So you haven't got more money? Are you not loaded? Rolling in it? Well - neither am I. I am a bit better off than I was when I was a student but I learned long ago that to get a brilliant sound out of your vinyl and make them last for ages you don't have to be rich and you don't need to have a massive anorak that protects you from socialising hazards. You just need to look into it a bit - just enough to stop you going to a high street store or supermarket and buying one of those £79 or less record carving machines they sell next to a rack of records. I don't want to decry anyone's products here but I can tell you that some of them track with a weight of about 5 grams. I have spent less on decks that track at 1.5 grams. But not everyone is going to go round the car boot sale looking for one of yesteryear's gems and putting it back on the road. I've had some fine old record players for very little money - Rega's, a Mitchell Focus, Linn Axis, some of the better Garrards, Thorens, Ariston etc. You could have some fun looking them up if you haven't heard of them. And for very little money (£25 ish) you could buy an Rega Carbon cartridge to add to a car-boot beauty, or for probably about £60 or £70 more than the cost of the record carving machine you could have an entry level 'posh' deck that looks super-cool in your pad and does not eat records and comes with a cartridge and everything with no set-up needed - check out the ProJect Elemental in the Phonostage Store! Bargain!
You could spend just a little bit more and get a lot more. Plus whatever you spend can be offset by the hugely extended life of your beautiful Iron Maiden collection or as was the case of a chap I was speaking to recently he has saved the life of his increasingly valuable Northern Soul collection by stopping playing them on heavy-tracking DJ decks. Oh yes, that reminds me - don't go thinking you are alright because you have your very fancy 1210's to play stuff on. If they are set up for DJ'ing which they often are they are just a posher way of trashing your records. Like being hit by a rich bloke!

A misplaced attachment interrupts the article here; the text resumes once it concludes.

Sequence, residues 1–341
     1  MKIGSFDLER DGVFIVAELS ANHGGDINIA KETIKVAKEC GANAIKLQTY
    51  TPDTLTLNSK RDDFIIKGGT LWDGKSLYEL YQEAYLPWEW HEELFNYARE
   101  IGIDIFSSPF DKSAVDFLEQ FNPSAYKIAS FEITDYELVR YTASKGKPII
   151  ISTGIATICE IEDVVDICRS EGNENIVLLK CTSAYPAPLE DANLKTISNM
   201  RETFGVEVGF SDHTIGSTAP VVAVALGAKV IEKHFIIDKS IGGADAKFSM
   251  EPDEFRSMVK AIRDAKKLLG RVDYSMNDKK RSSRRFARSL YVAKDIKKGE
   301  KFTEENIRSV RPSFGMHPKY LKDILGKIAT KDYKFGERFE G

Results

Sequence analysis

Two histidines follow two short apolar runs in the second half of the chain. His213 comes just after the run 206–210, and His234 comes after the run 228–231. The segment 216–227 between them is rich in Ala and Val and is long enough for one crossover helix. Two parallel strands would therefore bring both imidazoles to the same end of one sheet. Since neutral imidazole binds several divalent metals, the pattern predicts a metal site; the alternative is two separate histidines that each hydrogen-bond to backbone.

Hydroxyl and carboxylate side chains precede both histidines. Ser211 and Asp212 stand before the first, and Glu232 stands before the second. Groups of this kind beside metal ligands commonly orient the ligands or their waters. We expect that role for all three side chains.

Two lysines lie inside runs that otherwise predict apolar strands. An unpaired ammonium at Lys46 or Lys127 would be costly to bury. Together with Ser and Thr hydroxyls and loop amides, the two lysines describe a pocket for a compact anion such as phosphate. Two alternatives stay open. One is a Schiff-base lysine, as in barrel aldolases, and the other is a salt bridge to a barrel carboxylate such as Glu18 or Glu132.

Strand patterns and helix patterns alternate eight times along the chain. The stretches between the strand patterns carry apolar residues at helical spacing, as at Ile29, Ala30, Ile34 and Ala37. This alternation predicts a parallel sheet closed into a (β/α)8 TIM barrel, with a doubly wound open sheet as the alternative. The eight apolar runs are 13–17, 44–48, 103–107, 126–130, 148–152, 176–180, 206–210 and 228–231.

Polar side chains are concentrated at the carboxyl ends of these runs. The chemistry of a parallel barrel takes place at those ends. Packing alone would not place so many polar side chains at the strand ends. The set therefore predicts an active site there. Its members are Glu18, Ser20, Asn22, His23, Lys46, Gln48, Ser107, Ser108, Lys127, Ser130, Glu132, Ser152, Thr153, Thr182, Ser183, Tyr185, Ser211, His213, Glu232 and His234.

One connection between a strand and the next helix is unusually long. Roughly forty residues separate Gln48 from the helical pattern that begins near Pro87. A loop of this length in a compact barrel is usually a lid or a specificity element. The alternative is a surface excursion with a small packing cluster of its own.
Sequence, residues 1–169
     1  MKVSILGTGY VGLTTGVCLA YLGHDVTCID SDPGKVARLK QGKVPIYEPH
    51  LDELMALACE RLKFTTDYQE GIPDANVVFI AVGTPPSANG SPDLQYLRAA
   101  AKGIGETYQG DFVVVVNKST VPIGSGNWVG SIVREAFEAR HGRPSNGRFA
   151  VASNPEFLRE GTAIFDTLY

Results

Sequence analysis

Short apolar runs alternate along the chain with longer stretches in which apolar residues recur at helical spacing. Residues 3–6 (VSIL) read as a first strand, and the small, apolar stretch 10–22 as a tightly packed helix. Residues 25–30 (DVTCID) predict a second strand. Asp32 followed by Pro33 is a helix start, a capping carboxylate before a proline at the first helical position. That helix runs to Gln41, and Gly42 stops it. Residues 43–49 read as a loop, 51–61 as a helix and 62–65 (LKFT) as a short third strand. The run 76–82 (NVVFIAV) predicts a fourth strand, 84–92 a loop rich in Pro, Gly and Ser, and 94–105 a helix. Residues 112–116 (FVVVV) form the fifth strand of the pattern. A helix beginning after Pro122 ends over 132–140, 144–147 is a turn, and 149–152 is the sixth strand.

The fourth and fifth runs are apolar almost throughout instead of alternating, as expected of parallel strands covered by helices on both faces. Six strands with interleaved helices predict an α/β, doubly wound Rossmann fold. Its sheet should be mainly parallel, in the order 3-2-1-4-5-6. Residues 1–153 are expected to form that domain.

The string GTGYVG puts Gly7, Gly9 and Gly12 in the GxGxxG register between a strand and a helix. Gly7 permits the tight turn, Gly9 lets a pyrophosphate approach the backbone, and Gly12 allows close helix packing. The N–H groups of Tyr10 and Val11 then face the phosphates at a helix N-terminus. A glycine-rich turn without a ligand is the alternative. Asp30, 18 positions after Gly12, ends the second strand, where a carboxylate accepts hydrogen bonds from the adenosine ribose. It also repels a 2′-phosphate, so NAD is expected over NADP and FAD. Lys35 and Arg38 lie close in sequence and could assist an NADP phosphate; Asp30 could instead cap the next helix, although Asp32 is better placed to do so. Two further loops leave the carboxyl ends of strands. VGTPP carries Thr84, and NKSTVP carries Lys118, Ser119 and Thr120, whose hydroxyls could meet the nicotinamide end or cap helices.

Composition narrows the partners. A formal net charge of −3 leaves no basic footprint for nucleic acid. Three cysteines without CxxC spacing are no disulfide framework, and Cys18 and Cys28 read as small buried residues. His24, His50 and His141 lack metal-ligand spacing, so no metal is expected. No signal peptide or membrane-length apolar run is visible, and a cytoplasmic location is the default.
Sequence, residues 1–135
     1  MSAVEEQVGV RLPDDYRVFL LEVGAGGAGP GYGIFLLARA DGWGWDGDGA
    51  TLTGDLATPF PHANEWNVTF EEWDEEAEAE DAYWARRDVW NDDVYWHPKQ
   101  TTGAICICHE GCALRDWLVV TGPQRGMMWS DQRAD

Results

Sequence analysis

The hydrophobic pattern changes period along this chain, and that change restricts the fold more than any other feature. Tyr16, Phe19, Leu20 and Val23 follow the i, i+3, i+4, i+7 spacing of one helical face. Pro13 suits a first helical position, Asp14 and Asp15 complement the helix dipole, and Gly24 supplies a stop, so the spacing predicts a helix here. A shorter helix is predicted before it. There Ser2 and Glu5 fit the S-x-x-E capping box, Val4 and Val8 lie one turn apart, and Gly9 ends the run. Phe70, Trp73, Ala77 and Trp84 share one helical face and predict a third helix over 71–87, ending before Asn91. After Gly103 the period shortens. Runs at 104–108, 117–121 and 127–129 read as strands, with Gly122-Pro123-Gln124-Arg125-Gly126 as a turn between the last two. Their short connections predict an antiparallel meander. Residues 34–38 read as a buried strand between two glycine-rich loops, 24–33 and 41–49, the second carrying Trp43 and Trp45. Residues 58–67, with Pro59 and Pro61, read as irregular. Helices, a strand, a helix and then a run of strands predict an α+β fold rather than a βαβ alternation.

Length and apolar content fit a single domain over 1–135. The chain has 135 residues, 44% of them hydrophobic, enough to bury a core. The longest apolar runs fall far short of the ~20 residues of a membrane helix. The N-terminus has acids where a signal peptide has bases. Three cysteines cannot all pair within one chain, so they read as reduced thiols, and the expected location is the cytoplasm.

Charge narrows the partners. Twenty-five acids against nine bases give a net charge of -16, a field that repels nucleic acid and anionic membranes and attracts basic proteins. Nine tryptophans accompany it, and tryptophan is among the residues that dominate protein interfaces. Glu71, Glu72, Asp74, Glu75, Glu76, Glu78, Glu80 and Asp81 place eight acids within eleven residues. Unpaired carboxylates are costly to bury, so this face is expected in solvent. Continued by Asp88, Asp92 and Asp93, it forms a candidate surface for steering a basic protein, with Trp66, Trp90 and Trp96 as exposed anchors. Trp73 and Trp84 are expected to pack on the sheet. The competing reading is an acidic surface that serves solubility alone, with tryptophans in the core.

A little note on mixing decks.. DJ decks are like a train compared to a sports car. They are terribly heavy and track really well - so well you can spin-'em backwards, dance near 'em, put a massive pair of bins next to them and they will never jump off track. Go on - ask yourself how they do that! With heavy engineering and lots of weight! However you can set your Technics up to non-destruct mode with very little effort and they make a fine deck - but they will be more sensitive to noise and vibration then their DJ counterparts so maybe not so good for partying hard. I would say if you are not doing a lot of mixing and have a pair of decks set one up for your nice records and one for the dance stuff and see how you go.
If you do decide to go down the reconfigured DJ route or the car boot route then it is a must that you take a look at this https://goo.gl/IkZGxA and get the thing set up properly.. The video makes it all clear.
Lastly of course keep your records (and consequently your needle) clean!
A bit of dust is probably not going to kill a record now is it.. it might embrace the needle and make your record sound like someone is singing through a sweater but that's all.. but what is that dust? There is all kinds of gritty micro-crap that makes up that dust, not just bits of your clothing. Micro-gritty soily sandy crap that sticks to the invisible KFC on the record and hides deep in the grooves only to get disturbed by the needle and dragged round and round like a piece of greasy sandpaper is a real phenomenon!! Keep your records clean, they will last years longer! Look at the blog post 'Why Should I Clean My Vinyl Records' on the Phonostage Blog page - very entertaining reading!
So, as you can see, there are lots of things you can do to improve things - lots of affordable options. I am not just trying to flog you a deck here, I'd just as happily send you to the next car boot sale, but I can tell you that I worry about some of the lovely items that leave our fabled warehouse that have lasted 40 or more years and have given many hours of listening pleasure and will give many more. I worry about what people are going to play them on since they will probably have dashed out to buy a record player to join in the vinyl revolution and I have seen the types of deck that the some of the big retailers are pushing. Well - don't be fooled by the man. Imagine if you had never heard of records and found out one day that they are pieces of magic plastic and that if you dragged a needle across them you could make them sing beautifully - but that they could be injured very easily and then wouldn't sing as well ever again - you would be very fricking careful with them. So think on!